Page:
Mar 8, 2022 | Privacy & Security

Privacy Dark Patterns: Manipulating consent

Maria Arango Kure

Maria Arango Kure

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On the fifth part of this series of posts, I talk about the topic of Dark Patterns, and how online platforms have found ways to stay within the existing regulation, while still manipulating and nudging users towards disclosing the highest possible amount of data.

Warner & Sloan (2012) and Nissenbaum (2011) make reference to the informed consent model of privacy, that lives at the core of the current privacy protection regulation, a combination of transparency and choice. This model is thought of as the ideal approach towards users regaining control over their personal data and being able to determine for themselves the best use of it and de cost benefit trade-off that suits their needs.

To a certain extent, web visitors have some control over their private information. Web browsers allow for the possibility of rejecting all cookies, cookie notices are in place to allow users, at least in theory, to make an informed choice of which types of cookies they allow when visiting a site and cookie policies are meant to inform and educate users about the full extent to which their data is processed, retained, and transferred once they agree to it being captured. Some people go through the steps in order to protect their privacy and prevent tracking, but almost all end up accepting the cookies as Kulyk et al. (2018) identify. Ignorance and a lack of obtrusive guards facilitate the acceptance of tracking and many remain unaware of the existing tracking technologies or are at least unclear about how they work.

Both Warner & Sloan (2012) and Nissenbaum (2011) identify issues with the transparency and choice model as it is applied in current online practices. In the eyes of the former, the issue remains in the realm viable alternatives to data collection, and the cost of declining the pay-with-data transactions.  The latter goes one step further and calls out the way these choices are framed and the ethical concerns about how these framing and costs subvert individuals so called freely chosen transactions.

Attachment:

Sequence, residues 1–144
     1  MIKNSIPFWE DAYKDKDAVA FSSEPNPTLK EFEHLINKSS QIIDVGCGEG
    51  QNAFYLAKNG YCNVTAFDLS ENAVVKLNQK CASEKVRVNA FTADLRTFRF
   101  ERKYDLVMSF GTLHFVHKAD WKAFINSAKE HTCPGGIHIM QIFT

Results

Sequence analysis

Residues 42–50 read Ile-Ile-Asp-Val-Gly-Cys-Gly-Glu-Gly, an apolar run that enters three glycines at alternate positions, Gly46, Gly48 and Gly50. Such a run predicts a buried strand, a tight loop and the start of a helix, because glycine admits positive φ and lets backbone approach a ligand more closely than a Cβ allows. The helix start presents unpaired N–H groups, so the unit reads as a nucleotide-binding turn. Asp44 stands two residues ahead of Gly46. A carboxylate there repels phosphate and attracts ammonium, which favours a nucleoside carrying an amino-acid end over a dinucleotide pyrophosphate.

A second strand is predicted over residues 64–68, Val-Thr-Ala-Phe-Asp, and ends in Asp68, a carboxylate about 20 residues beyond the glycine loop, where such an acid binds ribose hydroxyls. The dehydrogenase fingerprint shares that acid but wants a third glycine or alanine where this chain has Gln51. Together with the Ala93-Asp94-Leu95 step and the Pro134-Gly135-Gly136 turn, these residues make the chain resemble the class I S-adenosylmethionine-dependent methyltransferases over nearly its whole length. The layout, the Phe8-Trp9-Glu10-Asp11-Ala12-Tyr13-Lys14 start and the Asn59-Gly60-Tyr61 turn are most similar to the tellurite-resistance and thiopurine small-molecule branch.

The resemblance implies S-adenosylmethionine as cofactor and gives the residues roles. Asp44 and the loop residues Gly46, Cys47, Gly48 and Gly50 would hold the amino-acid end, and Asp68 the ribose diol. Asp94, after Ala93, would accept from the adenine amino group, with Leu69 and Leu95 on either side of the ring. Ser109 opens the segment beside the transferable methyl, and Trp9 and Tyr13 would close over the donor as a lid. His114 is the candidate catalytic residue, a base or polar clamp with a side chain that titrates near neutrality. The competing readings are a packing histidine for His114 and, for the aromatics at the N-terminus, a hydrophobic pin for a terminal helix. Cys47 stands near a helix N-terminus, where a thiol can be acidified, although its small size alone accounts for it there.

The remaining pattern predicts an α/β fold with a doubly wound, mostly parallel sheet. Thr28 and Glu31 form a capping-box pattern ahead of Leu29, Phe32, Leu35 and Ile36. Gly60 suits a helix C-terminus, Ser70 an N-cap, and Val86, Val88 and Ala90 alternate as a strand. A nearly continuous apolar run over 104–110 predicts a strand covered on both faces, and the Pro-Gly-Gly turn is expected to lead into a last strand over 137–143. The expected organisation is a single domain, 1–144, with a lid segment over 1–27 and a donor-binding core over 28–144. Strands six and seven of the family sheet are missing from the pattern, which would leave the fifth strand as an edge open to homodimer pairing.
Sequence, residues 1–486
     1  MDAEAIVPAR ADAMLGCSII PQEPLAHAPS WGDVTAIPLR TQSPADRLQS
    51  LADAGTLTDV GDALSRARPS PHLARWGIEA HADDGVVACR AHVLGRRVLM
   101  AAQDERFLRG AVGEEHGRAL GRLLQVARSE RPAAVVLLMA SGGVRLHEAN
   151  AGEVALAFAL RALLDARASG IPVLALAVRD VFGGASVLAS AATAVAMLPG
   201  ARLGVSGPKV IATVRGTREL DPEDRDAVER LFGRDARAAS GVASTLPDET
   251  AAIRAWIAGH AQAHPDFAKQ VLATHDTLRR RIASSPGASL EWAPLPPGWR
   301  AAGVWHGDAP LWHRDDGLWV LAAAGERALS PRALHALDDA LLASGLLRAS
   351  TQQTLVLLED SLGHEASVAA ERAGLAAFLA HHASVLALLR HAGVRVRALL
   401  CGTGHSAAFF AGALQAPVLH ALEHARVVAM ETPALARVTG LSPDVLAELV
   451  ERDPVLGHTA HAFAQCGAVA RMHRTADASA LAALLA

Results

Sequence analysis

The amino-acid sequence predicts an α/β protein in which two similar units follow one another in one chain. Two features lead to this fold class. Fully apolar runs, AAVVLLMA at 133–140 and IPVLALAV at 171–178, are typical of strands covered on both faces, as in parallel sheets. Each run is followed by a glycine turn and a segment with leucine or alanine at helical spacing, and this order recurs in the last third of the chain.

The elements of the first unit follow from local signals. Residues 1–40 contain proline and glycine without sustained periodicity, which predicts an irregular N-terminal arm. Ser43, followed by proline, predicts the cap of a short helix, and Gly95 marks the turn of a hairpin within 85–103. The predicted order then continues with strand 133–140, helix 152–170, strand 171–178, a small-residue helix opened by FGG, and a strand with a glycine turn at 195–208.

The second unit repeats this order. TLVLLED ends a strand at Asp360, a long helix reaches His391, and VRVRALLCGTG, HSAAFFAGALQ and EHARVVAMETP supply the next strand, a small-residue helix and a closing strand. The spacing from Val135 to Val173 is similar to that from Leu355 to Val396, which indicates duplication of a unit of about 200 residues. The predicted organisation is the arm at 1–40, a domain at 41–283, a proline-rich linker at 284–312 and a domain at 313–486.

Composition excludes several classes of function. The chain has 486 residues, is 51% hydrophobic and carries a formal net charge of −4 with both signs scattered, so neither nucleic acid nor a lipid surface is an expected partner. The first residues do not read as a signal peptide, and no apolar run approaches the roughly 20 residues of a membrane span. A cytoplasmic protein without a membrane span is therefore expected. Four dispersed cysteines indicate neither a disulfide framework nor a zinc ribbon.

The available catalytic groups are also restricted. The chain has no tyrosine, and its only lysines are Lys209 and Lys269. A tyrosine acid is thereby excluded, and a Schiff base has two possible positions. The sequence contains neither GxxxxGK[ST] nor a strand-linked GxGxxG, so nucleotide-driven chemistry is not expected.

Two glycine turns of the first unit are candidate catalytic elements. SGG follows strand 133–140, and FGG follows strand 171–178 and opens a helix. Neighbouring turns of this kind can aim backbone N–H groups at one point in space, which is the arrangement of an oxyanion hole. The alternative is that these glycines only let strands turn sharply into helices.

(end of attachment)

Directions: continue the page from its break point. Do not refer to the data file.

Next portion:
This is where the concept of Dark Patterns comes into play. Coined by Harry Brignull (2010), dark patterns are defined as interface designs that nudge users towards behavior that is against their best interests. Often seen in sales transactions, Dark Patterns can be identified in cookie banners and notices and other privacy features of common websites (Hausner & Gertz, 2021) along with unnecessarily complex and confusing terms of service and privacy policies.

The objective of these dark patterns and confusing terms of service is to prevent users from declining data collection by inhibiting their ability to fully understand or engage with their choices. Through the use of Dark Patterns and other manipulative tactics, website owners and advertisers have been maintaining the power dynamics (Bornschein, 2020) in the data transactions to serve their best interests and incentivize data collection for monetization.

Short of some recently proposed regulation in some states in the USA, these Dark Patterns remain in the realm of legal practices, and only posing a threat to autonomous and informed consent via manipulation in a way that challenges ethics but would be difficult to prove in a court of law.

References

  • Bornschein, R., Schmidt, L., & Maier, E. (2020). The Effect of Consumers’ Perceived Power and Risk in Digital Information Privacy: The Example of Cookie Notices. Journal of Public Policy & Marketing, 39(2), 135–154. https://doi.org/10.1177/0743915620902143
  • Brignull, H. (2010).  Dark Patterns – User Interfaces Designed to Trick People, https://darkpatterns.org/.
  • Hausner, P., & Gertz, M. (2021). Dark Patterns in the Interaction with Cookie Banners. arXiv:2103.14956v1
  • Kulyk, O., Hilt, A., Gerber, N. & Volkamer, M. (2018). “This Website Uses Cookies”: users’ perceptions and reactions to the cookie disclaimer. In: Proceedings 3rd European Workshop on Usable Security. https://doi.org/10.14722/eurousec.2018.23012
  • Nissenbaum, H. (2011). A Contextual Approach to Privacy Online. Daedalus (Cambridge, Mass.), 140(4), 32–48. https://doi.org/10.1162/DAED_a_00113
  • Warner, R., & Sloan, R. H. (2012). Behavioral advertising: from “One-Sided Chicken” to informational norms. Vanderbilt Journal of Entertainment and Technology Law, 15(1), 49–.

Note: The content of this blog post was written as part of the process of writing my thesis’ theoretical background, as a way to organize my ideas and clean them up in writing. The posts were temporarily taken down to prioritize the academic work’s originality, and have been reinstated after the publication of the thesis in the Swedish registry.

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